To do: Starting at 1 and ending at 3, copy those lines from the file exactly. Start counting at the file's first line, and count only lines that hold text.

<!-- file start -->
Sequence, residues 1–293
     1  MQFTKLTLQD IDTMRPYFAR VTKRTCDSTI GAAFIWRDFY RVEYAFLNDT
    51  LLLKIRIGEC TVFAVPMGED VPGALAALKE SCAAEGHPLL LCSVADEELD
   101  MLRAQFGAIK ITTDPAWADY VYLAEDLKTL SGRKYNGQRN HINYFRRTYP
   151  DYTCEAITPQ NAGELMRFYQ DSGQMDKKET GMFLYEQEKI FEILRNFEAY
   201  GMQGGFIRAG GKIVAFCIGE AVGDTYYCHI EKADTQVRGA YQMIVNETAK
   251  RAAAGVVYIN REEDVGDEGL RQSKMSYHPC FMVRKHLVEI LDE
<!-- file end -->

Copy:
Sequence, residues 1–293
     1  MQFTKLTLQD IDTMRPYFAR VTKRTCDSTI GAAFIWRDFY RVEYAFLNDT
    51  LLLKIRIGEC TVFAVPMGED VPGALAALKE SCAAEGHPLL LCSVADEELD